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Aerosol formation due to a dental procedure: insights leading to the transmission of diseases to the environment

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journal contribution
posted on 20.07.2022, 19:27 authored by Parisa MirbodParisa Mirbod, Eileen A Haffner, Maryam Bagheri, Jonathan E Higham
As a result of the outbreak and diffusion of SARS-CoV-2, there has been a directive to advance medical working conditions. In dentistry, airborne particles are produced through aerosolization facilitated by dental instruments. To develop methods for reducing the risks of infection in a confined environment, understanding the nature and dynamics of these droplets is imperative and timely. This study provides the first evidence of aerosol droplet formation from an ultrasonic scalar under simulated oral conditions. State-of-the-art optical flow tracking velocimetry and shadowgraphy measurements are employed to quantitatively measure the flow velocity, trajectories and size distribution of droplets produced during a dental scaling process. The droplet sizes are found to vary from 5 µm to 300 µm; these correspond to droplet nuclei that could carry viruses. The droplet velocities also vary between 1.3 m s-1 and 2.6 m s-1. These observations confirm the critical role of aerosols in the transmission of disease during dental procedures, and provide invaluable knowledge for developing protocols and procedures to ensure the safety of both dentists and patients.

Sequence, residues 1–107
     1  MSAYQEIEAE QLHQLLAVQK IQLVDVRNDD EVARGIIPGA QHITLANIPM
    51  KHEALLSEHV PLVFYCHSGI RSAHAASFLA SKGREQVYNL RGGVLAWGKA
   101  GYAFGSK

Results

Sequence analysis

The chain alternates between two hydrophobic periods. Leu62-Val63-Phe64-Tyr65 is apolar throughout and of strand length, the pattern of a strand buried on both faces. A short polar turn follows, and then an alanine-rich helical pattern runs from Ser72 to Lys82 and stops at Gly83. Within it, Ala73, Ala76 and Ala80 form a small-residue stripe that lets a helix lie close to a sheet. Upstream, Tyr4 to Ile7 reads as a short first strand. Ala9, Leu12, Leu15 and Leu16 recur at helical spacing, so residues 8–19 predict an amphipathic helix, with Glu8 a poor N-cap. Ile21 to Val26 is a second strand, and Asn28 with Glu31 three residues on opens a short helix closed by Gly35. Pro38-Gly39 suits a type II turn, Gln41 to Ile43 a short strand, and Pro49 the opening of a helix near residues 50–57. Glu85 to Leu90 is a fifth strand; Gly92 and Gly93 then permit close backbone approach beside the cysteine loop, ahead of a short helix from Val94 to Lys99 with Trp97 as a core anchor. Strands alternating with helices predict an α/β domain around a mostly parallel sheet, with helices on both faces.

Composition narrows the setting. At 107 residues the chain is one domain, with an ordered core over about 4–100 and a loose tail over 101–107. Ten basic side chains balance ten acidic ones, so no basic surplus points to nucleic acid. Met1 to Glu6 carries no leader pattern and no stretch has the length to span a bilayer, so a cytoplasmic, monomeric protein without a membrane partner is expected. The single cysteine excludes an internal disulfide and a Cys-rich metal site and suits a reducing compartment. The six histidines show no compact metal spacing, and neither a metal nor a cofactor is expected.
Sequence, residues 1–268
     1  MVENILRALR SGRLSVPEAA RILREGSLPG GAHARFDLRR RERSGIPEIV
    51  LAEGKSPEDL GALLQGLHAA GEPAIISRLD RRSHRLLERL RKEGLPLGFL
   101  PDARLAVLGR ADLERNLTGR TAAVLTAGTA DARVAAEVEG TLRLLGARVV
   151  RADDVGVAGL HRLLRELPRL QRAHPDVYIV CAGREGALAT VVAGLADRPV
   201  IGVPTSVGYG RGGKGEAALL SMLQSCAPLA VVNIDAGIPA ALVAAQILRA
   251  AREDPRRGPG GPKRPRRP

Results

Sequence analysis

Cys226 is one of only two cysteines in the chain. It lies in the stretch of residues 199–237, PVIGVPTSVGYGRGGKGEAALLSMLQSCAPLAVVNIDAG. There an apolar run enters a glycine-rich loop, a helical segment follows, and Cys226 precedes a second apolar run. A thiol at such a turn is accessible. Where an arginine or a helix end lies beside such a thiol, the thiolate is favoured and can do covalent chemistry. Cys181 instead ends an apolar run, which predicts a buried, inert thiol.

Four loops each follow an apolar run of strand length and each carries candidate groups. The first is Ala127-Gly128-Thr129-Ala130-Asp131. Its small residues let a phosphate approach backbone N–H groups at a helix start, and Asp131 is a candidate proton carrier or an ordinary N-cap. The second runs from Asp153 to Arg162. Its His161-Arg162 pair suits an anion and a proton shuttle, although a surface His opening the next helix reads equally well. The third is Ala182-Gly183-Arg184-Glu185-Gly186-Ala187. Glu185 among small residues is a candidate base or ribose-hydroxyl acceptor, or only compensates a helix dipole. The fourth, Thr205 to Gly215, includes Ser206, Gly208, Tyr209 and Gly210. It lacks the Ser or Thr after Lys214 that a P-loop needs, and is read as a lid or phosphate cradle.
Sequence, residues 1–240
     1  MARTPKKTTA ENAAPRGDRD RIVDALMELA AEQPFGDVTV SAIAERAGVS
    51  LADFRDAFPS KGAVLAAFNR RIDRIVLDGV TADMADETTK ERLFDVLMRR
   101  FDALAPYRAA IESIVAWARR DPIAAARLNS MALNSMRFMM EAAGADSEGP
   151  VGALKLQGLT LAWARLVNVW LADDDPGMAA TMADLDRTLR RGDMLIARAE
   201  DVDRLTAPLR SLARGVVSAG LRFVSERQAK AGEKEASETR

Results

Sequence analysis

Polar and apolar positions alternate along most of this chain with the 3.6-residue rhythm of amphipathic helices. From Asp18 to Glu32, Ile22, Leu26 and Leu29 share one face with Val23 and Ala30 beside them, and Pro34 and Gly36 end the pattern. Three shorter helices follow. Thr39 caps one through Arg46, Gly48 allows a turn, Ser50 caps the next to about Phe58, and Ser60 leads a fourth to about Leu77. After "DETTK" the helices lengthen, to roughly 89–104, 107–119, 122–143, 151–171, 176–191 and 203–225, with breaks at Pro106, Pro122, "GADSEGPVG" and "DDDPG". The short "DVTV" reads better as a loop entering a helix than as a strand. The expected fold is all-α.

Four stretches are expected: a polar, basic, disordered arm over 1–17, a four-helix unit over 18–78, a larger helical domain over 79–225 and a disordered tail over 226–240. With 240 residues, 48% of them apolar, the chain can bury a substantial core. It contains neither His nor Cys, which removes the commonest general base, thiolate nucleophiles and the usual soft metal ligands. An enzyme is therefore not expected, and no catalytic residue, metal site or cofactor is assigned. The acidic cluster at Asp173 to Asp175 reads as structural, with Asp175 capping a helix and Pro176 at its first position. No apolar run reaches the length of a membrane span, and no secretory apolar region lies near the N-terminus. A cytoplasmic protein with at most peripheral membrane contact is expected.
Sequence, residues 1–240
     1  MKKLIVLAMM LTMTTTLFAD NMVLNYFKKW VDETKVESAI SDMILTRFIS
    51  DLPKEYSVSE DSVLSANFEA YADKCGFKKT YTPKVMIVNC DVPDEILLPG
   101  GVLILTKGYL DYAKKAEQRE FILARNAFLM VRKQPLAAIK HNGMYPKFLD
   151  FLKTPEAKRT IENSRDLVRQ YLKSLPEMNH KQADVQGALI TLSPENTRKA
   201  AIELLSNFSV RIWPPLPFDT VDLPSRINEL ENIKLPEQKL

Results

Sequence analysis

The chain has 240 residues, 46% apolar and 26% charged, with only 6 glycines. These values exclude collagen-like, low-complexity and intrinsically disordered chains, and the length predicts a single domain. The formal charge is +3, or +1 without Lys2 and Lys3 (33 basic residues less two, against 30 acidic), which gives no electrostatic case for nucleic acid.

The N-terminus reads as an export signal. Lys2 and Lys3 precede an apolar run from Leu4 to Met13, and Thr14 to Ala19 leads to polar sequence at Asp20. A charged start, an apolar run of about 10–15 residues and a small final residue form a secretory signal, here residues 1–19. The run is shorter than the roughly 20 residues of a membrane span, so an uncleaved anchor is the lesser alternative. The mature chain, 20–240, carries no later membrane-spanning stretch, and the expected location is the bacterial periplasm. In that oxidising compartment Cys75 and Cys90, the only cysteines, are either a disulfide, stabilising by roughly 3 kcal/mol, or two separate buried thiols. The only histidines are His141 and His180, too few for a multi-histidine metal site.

History

Citation

Mirbod, P., Haffner, E. A., Bagheri, M.Higham, J. E. (2021). Aerosol formation due to a dental procedure: insights leading to the transmission of diseases to the environment. Journal of The Royal Society Interface, 18(176), 20200967-. https://doi.org/10.1098/rsif.2020.0967

Publisher

The Royal Society

Language

en

issn

1742-5689